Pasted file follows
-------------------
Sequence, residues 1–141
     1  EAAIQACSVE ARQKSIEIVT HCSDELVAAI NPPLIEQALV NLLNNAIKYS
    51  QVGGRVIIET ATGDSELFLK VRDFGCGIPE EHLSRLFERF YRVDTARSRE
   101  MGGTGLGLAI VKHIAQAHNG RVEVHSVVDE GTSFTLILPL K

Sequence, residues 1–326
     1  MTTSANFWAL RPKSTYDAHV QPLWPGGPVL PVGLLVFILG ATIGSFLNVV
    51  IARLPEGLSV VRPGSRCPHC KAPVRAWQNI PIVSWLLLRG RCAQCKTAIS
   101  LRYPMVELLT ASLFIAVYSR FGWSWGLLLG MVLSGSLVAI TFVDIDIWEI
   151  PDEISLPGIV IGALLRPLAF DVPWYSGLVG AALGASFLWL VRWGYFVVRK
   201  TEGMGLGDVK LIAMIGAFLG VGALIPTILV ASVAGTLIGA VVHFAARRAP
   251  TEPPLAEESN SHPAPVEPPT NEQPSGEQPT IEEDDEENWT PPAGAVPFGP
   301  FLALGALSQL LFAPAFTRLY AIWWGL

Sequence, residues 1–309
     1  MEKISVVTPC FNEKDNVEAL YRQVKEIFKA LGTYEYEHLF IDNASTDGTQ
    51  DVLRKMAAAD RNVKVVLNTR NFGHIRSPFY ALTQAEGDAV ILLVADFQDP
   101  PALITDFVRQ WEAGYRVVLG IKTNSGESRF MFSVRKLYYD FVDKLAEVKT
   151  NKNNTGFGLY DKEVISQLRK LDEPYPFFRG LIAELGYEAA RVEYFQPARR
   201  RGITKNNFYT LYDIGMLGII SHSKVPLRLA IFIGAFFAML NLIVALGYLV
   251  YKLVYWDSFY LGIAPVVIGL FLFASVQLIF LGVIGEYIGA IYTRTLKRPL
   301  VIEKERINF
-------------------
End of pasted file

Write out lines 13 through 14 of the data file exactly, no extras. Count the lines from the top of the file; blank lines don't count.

Sequence, residues 1–309
     1  MEKISVVTPC FNEKDNVEAL YRQVKEIFKA LGTYEYEHLF IDNASTDGTQ